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There is a connection between the Order of the Garter and the Middle English poem Sir Gawain and the Green Knight (late 14th century).
The motto is inscribed, as hony soyt qui mal pence, at the end of the text in the manuscript, albeit in a later hand.
In the poem, a girdle, very similar in its erotic undertones to the garter, plays a prominent role. A rough equivalent of the Order's motto
has been identified in Gawain's exclamation corsed worth cowarddyse and couetyse boþe ("cursed be both cowardice and coveting", v. 2374).
While the author of that poem remains disputed, there seems to be a connection between two of the top candidates and the Order of the Garter, John of Gaunt, and Enguerrand de Coucy, seventh Sire de Coucy. De Coucy was married to King Edward III's daughter, Isabella, and was given admittance to the Order of the Garter on their wedding day."
According to historian Elias Ashmole, the foundation of the Garter occurred when Edward III of England prepared for the Battle of Crécy and gave "forth his own garter as the signal."
The most widespread tradition[year needed] suggests "a trivial mishap at a court function" when King Edward III was dancing with Joan of Kent, his first cousin and daughter-in-law. Her garter slipped down to her ankle causing those around her to laugh at her humiliation. Edward placed the garter around his own leg saying, "Honi soit qui mal y pense. Tel qui s'en rit aujourd'hui, s'honorera de la porter."
("A scoundrel, who thinks badly by it. Those who laugh at this today, tomorrow will be proud to wear it.")
Edward III may outwardly have professed the Order of the Garter to be a revival of the Round Table, it is probable that privately its formation was a move to gain support for his dubious claim to the French throne. The motto of the Order is a denunciation of those who think ill of some specific project, and not a mere pious invocation of evil upon evil-thinkers in general. 'Shame be to him who thinks ill of it' was probably directed against anyone who should oppose the King's design on the French Crown.
Arms of John of Gaunt include the garter and the motto Honi soit qui mal y pense. Picture from a 16th-century depiction
Several military organisations in the Commonwealth incorporate the motto inscribed upon a garter of the order within their badges (or cyphers) and some use Honi soit qui mal y pense as their motto. Corps and regiments using the motto in this fashion are ('*' indicates usage as a motto in addition to inclusion in the badge):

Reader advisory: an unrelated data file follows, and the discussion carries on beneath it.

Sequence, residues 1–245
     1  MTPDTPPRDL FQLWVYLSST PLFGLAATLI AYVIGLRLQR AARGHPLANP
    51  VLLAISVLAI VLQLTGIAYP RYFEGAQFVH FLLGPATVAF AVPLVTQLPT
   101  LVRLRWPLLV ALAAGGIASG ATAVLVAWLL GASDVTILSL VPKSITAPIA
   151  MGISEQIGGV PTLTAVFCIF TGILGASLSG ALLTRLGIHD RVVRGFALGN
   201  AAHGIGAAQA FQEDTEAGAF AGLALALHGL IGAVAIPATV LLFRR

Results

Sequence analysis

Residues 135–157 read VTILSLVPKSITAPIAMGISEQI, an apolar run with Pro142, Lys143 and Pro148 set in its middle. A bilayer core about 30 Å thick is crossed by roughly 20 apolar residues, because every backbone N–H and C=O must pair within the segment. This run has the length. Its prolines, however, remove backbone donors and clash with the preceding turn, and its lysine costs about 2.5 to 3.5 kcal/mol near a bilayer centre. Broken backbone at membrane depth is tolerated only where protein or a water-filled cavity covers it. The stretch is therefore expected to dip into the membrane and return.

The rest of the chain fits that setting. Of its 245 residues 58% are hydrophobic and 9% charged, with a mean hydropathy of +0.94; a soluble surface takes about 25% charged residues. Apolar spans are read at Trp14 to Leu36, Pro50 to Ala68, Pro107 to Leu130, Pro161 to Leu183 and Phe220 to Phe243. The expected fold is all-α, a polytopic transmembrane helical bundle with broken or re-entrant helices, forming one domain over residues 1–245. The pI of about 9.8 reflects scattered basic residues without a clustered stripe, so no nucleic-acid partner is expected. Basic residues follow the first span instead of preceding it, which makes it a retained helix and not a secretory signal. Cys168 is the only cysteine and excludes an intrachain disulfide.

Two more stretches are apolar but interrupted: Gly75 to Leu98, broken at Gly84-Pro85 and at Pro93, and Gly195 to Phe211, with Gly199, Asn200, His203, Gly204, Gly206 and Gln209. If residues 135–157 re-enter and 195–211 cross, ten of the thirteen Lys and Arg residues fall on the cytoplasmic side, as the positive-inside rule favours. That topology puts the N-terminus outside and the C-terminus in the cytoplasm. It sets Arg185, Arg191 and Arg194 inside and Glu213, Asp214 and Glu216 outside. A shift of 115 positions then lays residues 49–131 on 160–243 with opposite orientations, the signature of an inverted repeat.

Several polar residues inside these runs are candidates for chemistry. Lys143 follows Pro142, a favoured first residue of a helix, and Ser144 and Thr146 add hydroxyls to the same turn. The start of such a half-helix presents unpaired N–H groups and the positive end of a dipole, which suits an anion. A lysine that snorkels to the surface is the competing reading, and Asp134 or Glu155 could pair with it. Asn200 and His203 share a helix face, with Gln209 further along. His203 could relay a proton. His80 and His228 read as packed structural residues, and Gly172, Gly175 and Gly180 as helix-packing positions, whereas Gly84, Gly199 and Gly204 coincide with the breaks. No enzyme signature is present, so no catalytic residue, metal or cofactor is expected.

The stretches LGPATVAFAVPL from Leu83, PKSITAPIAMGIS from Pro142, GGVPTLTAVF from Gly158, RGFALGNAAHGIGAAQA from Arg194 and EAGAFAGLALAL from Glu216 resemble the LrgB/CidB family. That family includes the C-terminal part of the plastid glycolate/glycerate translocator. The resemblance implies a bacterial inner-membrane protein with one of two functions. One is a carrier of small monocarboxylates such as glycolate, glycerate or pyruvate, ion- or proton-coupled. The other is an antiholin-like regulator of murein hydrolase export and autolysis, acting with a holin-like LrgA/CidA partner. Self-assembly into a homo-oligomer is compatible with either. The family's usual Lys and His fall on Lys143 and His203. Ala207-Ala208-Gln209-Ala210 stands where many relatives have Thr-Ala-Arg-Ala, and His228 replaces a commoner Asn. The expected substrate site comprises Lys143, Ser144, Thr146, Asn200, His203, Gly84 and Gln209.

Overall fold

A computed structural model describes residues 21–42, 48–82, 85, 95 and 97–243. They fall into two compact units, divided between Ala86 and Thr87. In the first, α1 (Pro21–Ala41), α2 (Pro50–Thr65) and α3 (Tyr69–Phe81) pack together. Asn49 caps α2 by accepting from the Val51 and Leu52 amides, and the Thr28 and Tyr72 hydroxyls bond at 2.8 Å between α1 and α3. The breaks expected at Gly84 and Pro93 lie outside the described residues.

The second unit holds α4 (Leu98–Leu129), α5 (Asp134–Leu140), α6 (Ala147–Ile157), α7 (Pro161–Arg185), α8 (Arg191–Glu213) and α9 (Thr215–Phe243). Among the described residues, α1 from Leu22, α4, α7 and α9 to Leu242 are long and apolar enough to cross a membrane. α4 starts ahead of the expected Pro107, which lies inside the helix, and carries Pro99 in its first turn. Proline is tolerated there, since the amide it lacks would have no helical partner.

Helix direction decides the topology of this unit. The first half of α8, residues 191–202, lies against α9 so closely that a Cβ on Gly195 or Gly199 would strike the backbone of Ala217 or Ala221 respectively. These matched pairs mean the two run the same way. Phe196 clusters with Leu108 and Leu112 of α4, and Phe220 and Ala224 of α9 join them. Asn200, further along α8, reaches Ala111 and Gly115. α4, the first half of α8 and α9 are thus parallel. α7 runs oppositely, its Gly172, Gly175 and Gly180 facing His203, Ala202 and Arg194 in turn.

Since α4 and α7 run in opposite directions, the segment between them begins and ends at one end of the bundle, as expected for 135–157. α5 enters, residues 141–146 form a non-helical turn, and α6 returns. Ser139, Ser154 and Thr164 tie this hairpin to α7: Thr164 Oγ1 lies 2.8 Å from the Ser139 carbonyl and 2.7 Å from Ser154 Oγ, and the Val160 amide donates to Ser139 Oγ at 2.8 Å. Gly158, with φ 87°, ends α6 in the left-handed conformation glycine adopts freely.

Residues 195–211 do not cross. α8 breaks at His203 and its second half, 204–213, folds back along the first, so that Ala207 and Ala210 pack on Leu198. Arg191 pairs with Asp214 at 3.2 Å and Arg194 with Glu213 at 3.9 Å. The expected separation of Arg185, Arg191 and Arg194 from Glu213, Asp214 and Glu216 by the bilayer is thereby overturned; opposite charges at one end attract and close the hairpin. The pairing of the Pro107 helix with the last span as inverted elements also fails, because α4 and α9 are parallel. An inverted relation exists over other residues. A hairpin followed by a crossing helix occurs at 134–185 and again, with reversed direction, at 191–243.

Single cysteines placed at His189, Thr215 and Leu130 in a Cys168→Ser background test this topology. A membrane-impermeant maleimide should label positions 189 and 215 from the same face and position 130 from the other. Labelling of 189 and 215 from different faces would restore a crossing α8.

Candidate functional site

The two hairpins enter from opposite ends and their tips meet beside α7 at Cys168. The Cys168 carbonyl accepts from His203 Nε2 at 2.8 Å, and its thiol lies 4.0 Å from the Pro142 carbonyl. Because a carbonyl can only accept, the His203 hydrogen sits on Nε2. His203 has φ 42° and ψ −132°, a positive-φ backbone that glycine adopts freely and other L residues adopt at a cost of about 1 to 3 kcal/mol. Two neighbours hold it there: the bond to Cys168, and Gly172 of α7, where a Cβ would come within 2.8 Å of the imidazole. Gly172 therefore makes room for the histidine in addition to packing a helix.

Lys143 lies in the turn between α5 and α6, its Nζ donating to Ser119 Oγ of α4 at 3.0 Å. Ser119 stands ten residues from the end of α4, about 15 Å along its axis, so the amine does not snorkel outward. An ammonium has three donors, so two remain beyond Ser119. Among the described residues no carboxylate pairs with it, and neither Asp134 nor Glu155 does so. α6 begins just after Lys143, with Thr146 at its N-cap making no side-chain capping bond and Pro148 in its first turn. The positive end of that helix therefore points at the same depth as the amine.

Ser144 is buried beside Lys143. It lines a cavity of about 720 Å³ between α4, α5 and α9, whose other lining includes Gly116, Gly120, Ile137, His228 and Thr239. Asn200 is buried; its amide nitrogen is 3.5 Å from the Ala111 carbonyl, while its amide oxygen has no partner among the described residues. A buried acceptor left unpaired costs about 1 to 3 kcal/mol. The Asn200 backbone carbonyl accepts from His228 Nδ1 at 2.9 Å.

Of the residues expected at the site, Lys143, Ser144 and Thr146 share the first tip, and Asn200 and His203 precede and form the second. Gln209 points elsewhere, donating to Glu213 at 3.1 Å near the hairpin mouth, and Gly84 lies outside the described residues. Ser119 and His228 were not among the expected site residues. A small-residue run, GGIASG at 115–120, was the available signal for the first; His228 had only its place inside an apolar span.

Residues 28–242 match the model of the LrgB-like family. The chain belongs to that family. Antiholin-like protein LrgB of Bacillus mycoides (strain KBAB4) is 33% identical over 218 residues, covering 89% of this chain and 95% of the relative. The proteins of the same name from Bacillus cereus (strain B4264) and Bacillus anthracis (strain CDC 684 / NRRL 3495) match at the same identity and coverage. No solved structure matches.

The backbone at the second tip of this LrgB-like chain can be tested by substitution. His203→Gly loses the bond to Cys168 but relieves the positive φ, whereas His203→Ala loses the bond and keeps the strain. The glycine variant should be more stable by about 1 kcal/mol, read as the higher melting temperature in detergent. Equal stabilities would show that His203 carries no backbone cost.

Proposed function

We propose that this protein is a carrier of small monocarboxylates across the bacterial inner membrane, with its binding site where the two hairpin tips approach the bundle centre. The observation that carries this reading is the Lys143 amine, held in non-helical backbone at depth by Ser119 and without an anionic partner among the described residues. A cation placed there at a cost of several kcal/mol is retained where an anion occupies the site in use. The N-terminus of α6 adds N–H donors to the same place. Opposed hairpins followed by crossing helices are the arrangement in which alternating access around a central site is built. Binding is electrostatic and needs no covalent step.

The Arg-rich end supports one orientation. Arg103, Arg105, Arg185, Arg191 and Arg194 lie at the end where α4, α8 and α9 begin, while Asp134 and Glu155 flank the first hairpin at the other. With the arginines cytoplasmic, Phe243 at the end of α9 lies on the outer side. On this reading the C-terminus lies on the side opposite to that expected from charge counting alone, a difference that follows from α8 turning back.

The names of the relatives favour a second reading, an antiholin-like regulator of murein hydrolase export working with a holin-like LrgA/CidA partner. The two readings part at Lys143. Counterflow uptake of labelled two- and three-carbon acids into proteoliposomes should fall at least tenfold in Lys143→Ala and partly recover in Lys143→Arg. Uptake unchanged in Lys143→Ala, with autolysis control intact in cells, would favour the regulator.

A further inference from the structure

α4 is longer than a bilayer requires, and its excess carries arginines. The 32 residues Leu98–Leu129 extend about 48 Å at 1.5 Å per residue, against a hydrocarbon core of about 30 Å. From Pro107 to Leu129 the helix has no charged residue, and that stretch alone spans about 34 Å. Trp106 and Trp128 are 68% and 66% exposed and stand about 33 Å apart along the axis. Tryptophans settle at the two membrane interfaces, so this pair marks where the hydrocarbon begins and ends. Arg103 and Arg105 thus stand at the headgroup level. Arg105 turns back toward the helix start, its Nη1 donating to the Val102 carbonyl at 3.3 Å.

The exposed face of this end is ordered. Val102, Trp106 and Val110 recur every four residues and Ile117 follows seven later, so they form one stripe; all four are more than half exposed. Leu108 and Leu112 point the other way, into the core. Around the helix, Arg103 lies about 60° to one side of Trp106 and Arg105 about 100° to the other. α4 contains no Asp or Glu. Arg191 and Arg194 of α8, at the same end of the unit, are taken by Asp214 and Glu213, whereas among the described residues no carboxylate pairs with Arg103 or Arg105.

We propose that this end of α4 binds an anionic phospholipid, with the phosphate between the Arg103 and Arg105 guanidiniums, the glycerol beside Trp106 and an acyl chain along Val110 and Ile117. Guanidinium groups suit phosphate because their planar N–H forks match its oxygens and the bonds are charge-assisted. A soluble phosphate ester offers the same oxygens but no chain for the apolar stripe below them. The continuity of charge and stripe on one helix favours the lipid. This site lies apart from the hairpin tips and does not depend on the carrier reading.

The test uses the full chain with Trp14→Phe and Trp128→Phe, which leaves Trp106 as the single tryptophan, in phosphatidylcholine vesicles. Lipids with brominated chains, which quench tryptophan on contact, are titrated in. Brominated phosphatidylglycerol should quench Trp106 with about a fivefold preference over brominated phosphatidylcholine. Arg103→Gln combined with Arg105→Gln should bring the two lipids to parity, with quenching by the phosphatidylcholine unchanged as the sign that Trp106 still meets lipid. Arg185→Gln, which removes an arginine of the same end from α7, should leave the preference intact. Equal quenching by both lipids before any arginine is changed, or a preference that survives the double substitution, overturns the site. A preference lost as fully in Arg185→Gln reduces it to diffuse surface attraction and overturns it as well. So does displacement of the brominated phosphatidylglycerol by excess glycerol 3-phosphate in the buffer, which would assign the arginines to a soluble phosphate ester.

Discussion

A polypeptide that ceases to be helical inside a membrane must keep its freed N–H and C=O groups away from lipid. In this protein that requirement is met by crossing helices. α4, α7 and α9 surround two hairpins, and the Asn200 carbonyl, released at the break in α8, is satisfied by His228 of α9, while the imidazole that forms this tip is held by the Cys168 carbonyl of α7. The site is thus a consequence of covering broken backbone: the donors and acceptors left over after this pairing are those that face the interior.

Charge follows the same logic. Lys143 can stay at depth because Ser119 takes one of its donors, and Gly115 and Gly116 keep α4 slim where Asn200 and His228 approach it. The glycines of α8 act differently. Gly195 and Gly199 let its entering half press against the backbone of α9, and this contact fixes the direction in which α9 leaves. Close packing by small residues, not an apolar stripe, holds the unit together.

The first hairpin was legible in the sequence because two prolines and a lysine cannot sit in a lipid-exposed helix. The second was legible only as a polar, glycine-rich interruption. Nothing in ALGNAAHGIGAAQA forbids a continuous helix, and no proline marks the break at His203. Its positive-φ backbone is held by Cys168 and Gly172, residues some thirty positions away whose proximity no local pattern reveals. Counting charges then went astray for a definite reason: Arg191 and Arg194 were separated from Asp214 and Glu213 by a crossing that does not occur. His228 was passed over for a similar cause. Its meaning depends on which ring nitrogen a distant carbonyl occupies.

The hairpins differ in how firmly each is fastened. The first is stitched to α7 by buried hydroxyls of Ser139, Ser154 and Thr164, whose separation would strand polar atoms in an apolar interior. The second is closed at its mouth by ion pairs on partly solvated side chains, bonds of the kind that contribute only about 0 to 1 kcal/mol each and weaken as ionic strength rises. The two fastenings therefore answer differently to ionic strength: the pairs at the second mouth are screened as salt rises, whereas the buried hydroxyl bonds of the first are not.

Also used on items, e.g. the baton, of the Society of High Constables of Edinburgh (founded 1611), along with the phrase ' nisi dominus frustra'.
^Friedman, Albert B.; Osberg, Richard H. (1997). "Gawain's Girdle as Traditional Symbol". The Journal of American Folklore. American Folklore Society. 90 (157): 301-315. doi:10.2307/539521. JSTOR539521.
^Savage, Henry L. (1938). "Sir Gawain and the Order of the Garter". ELH. The Johns Hopkins University Press. 5 (2): 146-149. doi:10.2307/2871614. JSTOR2871614.
^Fox-Davies, Arthur Charles (1996). "XXXVI Official Heraldic Insignia". Complete Guide to Heraldry (1996 ed.). Ware, Hertfordshire: Wordsworth Editions. pp. 583-84. ISBN1-85326-365-6. A Knight of the Garter has: (1) His Garter to encircle the shield ...
^An example of the full heraldic blazon description is provided in "Official Lineages Volume 3, Part 2: The Royal Regiment of Canada". National Defence and the Canadian Forces. Directorate of History and Heritage, Canadian Forces. 24 November 2010. Retrieved 2012. [A] garter Azure fimbriated buckled and inscribed HONI SOIT QUI MAL Y PENSE in letters Or (A blue garter with gold edges, gold buckle and inscription HONI SOIT QUI MAL Y PENSE in gold letters.) However, simplified blazons are also used.